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Dengue fever

Dengue and dengue hemorrhagic fever (DHF) are acute febrile diseases, found in the tropics, with a geographical spread similar to malaria. Caused by one of four closely related virus serotypes of the genus Flavivirus, family Flaviviridae, each serotype is sufficiently different that there is no cross-protection and epidemics caused by multiple serotypes (hyperendemicity) can occur. Dengue is transmitted to humans by the mosquito Aedes aegypti (rarely Aedes albopictus). more...

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Signs and symptoms

The disease is manifested by a sudden onset of fever, with severe headache, joint and muscular pains (myalgias and arthralgias — severe pain gives it the name break-bone fever) and rashes; the dengue rash is characteristically bright red petechia and usually appears first on the lower limbs and the chest - in some patients, it spreads to cover most of the body. There may also be gastritis with some combination of associated abdominal pain, nausea, vomiting or diarrhoea.

Some cases develop much milder symptoms, which can, when no rash is present, be misdiagnosed as a flu or other viral infection. Thus, travelers from tropical areas may inadvertently pass on dengue in their home countries, having not being properly diagnosed at the height of their illness. Patients with dengue can only pass on the infection through mosquitoes or blood products while they are still febrile.

The classic dengue fever lasts about six to seven days, with a smaller peak of fever at the trailing end of the fever (the so-called "biphasic pattern"). Clinically, the platelet count will drop until the patient's temperature is normal.

Cases of DHF also shows higher fever, haemorrhagic phenomena, thrombocytopenia and haemoconcentration. A small proportion of cases leads to dengue shock syndrome (DSS) which has a high mortality rate.


The diagnosis of dengue is usually made clinically. The classic picture is high fever with no localising source of infection, a petechial rash with thrombocytopenia and relative leukopenia.

Serology and PCR (polymerase chain reaction) studies are available to confirm the diagnosis of dengue if clinically indicated.


The mainstay of treatment is supportive therapy. The patient is encouraged to keep up oral intake, especially of oral fluids. If the patient is unable to maintain oral intake, supplementation with intravenous fluids may be necessary to prevent dehydration and significant hemoconcentration. A platelet transfusion is indicated if the platelet level drops significantly.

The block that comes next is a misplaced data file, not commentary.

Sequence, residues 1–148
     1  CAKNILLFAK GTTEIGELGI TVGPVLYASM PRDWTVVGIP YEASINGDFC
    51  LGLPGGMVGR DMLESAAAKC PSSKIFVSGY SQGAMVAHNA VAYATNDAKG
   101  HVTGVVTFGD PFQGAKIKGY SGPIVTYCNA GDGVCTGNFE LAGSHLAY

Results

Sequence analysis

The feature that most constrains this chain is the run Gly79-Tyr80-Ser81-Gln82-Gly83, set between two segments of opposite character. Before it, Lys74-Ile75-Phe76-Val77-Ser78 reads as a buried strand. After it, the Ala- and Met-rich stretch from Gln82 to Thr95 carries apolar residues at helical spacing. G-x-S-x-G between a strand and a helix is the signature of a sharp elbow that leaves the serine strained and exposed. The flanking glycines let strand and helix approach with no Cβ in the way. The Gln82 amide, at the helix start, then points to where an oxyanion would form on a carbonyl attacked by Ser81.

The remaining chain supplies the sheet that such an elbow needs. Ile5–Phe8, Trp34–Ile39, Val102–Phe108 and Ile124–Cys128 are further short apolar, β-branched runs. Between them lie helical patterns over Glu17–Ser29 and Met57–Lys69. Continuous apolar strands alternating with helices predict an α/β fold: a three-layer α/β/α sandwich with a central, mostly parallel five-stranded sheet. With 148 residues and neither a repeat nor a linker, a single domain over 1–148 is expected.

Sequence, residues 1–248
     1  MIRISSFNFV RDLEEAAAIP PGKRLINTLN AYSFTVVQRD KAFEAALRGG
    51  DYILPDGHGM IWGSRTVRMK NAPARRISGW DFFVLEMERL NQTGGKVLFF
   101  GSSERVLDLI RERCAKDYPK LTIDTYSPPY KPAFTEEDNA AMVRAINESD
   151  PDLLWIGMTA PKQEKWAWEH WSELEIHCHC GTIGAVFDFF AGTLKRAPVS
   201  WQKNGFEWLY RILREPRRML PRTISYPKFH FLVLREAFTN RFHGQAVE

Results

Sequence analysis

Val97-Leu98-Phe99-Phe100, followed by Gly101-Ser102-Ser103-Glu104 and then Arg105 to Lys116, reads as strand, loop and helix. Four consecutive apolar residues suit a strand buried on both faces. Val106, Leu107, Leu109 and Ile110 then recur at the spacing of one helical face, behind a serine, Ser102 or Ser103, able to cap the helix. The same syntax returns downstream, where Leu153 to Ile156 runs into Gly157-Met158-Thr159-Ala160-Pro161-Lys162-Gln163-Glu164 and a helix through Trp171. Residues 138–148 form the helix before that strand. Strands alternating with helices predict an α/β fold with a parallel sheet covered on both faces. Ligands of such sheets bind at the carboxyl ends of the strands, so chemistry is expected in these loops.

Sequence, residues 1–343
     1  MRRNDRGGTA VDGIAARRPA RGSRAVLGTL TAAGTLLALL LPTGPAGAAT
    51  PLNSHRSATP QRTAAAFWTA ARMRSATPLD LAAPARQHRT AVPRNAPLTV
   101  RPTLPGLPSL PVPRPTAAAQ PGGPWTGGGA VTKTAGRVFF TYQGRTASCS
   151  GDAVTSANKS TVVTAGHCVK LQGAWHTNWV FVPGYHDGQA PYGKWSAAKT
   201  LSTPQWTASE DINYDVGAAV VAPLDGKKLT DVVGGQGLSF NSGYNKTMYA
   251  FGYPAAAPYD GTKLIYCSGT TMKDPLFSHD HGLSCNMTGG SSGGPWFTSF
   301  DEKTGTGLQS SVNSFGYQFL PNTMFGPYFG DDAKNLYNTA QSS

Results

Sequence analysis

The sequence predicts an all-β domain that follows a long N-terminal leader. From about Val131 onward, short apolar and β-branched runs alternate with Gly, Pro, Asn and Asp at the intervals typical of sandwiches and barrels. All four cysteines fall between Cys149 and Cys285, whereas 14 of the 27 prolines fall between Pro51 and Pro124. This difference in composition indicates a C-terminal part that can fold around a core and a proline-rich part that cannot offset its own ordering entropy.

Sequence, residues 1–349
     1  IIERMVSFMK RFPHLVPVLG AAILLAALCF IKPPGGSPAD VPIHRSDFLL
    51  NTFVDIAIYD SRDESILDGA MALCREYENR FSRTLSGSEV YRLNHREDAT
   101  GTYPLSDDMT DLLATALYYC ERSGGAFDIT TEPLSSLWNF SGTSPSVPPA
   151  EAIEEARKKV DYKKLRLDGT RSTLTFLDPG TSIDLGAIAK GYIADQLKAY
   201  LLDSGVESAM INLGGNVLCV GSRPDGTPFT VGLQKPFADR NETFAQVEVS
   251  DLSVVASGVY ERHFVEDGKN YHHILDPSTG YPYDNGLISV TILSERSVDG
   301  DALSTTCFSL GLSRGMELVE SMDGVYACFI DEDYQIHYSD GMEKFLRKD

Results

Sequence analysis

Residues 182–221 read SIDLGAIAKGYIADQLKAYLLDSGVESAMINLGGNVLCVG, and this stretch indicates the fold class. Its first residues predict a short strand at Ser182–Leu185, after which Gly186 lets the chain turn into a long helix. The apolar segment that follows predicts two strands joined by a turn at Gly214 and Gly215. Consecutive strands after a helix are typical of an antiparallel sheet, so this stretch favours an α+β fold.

The first epidemics occurred almost simultaneously, in Asia, Africa, and North America in the 1780s. The disease was identified and named in 1779. A global pandemic began in Southeast Asia in the 1950s and by 1975 DHF had become a leading cause of death among children in many countries in that region. Epidemic dengue has become more common since the 1980s - by the late 1990s, dengue was the most important mosquito-borne viral disease affecting humans after malaria, there being around 40 million cases of dengue fever and several hundred thousand cases of dengue hemorrhagic fever each year. In February 2002 there was a serious outbreak in Rio De Janeiro, affecting around one million people but only killing sixteen.


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Dengue fever
From Gale Encyclopedia of Medicine, 4/6/01 by Rosalyn S. Carson-DeWitt


Dengue fever is a disease caused by one of a number of viruses that are carried by mosquitoes. These mosquitoes then transmit the virus to humans.


The virus that causes dengue fever is called an arbovirus, which stands for arthropod-borne virus. Mosquitoes are a type of arthropod. In a number of regions, mosquitoes carry this virus and are responsible for passing it along to humans. These regions include the Middle East, the far East, Africa, and the Caribbean Islands. In these locations, the dengue fever arbovirus is endemic, meaning that the virus naturally and consistently lives in that location. The disease only shows up in the United States sporadically.

In order to understand how dengue fever is transmitted, several terms need to be defined. The word "host" means an animal (including a human) that can be infected with a particular disease. The word "vector" means an organism that can carry a particular disease-causing agent (like a virus or bacteria) without actually developing the disease. The vector can then pass the virus or bacteria on to a new host.

Many of the common illnesses in the United States (including the common cold, many viral causes of diarrhea, and influenza or "flu") are spread because the viruses that cause these illness can be passed directly from person to person. However, dengue fever cannot be passed directly from one infected person to another. Instead, the virus responsible for dengue fever requires an intermediate vector, a mosquito, which carries the virus from one host to another. The mosquito that carries the arbovirus responsible for dengue fever is the same type of mosquito that can transmit other diseases, including yellow fever. This mosquito is called Aedes egypti. The most common victims are children younger than 10 years of age.

Causes & symptoms

Dengue fever can occur when a mosquito carrying the arbovirus bites a human, passing the virus on to the new host. Once in the body, the virus travels to various glands where it multiplies. The virus can then enter the bloodstream. The presence of the virus within the blood vessels, especially those feeding the skin, causes changes to these blood vessels. The vessels swell and leak. The spleen and lymph nodes become enlarged, and patches of liver tissue die. A process called disseminated intravascular coagulation (DIC) occurs, where chemicals responsible for clotting are used up and lead to a risk of severe bleeding (hemorrhage).